Paweł Dorofiejczyk
Software Architect
Paweł Lorenc
Software Developer
Reviewed by a tech expert

RST’s internal backend dev community

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At RST, we are continuously committed to nurturing knowledge exchange among our employees, including software developers. We have 5 internal developer communities: frontend, testers, DevOps, React Native, and backend, each holding regular technical meetings. Today, we'd like to tell you a little more about our backend community.

Although invisible to the naked eye and hidden deep under the user interface layer, the backend is rich in solutions and technologies. The backend architecture is mainly responsible for the application’s performance, reliability, and security, where the critical business logic or data processing and management mechanisms are located.

Our meetings are held every Friday. Over the last two meetings, we created a real-time Twitter clone using Elixir. The whole thing was supposed to be a tutorial for people who had never programmed in the language, so it was a good opportunity to get to know the new ecosystem and, at the same time, create something functional. Each participant could clone the repository and go through the steps with the teacher. The GitHub repository, along with a tutorial, is available here.

— Paweł Dorofiejczyk (Software Architect, RST)

Our meetings take place in a relaxed and friendly atmosphere. Each one is different, and community members take turns as hosts.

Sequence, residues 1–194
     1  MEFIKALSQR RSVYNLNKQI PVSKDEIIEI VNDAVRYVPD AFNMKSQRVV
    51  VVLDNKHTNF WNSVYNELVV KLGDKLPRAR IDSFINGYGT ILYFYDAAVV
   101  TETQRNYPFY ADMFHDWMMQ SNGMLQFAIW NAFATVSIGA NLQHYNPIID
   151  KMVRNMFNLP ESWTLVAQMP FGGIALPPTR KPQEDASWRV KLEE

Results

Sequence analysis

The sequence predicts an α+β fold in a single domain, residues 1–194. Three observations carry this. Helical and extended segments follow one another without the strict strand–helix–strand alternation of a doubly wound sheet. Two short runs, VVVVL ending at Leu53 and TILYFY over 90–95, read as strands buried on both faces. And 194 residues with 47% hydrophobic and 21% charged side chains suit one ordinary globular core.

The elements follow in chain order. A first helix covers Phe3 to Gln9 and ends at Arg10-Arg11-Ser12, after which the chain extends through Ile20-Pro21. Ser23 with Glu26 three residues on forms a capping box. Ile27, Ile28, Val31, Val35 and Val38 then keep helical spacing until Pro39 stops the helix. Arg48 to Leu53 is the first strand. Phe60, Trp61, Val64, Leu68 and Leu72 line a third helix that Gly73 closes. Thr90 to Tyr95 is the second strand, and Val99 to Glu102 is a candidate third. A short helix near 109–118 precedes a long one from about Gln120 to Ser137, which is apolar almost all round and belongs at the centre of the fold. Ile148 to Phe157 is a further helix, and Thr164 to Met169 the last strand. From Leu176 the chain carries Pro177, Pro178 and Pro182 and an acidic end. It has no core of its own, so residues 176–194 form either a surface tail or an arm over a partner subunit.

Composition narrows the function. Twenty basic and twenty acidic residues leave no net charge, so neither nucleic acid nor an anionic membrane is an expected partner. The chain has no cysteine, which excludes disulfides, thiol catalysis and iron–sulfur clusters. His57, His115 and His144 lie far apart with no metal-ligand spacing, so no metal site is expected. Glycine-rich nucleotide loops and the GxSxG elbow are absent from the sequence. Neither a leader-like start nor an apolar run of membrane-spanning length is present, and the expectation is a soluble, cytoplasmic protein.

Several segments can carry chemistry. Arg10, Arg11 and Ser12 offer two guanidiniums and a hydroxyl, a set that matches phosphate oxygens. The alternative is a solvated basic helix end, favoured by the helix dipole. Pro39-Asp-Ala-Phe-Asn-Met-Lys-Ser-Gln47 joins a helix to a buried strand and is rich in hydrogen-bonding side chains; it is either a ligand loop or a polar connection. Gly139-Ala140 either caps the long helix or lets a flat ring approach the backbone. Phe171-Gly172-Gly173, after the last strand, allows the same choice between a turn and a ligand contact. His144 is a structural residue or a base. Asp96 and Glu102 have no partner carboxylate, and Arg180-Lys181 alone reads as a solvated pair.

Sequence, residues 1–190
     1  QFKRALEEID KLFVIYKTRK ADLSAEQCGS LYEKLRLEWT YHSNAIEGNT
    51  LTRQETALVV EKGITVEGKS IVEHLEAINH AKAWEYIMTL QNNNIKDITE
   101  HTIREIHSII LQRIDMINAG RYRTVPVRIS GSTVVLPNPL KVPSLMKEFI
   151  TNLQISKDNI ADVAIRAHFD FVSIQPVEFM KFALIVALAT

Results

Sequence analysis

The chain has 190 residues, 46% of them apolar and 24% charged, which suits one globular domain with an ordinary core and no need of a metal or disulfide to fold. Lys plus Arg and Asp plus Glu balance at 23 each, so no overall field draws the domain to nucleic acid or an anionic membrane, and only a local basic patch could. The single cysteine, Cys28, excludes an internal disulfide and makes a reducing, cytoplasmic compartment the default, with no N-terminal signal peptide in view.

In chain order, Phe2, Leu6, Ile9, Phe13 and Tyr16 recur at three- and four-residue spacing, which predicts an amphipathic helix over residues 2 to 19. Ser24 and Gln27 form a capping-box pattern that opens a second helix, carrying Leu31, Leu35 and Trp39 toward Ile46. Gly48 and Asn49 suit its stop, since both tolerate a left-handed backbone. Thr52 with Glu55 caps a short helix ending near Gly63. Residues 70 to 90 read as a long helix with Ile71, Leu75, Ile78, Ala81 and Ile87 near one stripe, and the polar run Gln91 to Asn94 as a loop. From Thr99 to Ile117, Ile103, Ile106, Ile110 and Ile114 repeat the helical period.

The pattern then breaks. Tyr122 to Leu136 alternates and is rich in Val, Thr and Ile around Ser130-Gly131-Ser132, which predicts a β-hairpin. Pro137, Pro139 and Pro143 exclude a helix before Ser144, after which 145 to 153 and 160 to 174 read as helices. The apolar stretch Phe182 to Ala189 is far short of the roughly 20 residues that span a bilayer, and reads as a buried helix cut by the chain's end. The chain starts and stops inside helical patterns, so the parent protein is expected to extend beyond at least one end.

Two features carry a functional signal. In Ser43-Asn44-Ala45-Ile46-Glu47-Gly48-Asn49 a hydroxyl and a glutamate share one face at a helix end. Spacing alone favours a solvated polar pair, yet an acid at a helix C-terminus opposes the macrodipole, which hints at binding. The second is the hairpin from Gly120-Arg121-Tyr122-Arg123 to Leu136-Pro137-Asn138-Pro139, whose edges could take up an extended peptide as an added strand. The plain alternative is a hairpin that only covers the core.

Signing up to host a meeting should not involve a lot of preparation. It is more about creating an environment that allows software engineers to share knowledge that we already have and provide mutual inspiration to learn about new solutions. We believe learning from other developers significantly increase our own levels of technical skills. We don't want to reinvent the wheel. Instead, we try to find out how we should actually approach challenges.

We use several technologies, but many aspects we work on are “language agnostic”. It doesn't matter if we write in Node.js, Java, PHP, etc. We are genuinely interested in learning about new languages to know if they are worth considering in the future. This is exactly how the workshop on how to write a simple Twitter application in Elixir started. In our previous meetings, we focused on Golang or Rust.

We often discuss highly technical topics such as Docker, oAuth, TDD, CAP Theorem, and also more general topics such as our approach to code review, learning new things, or various tools we use at work (software, chairs, or microphones)

Thanks to these meetings, I feel that we are building an amazing backend developer community. And the better we know each other, the easier it is to talk to each other and openly share our ideas. It makes us feel that we not only belong to project teams but also to the RST family as a whole.

I see enormous potential in the community and, as a supervisor, want to help other developers make the most of it.

— Paweł Lorenc (Software Developer, RST)

Building offline and online communities is empowered by our core values – openness, cooperation, efficiency, and commitment, which helps us build a culture of feedback, trust, and respect for diversity. We engage in cross-team collaborations to achieve our goals, encouraging proactivity in finding the best solutions and means to our goals. We are sure this form of knowledge exchange within RST is a great opportunity for us to develop and implement new, better solutions. RST Software provides tremendous support for our communities, which we greatly appreciate and always look forward to the next meeting!

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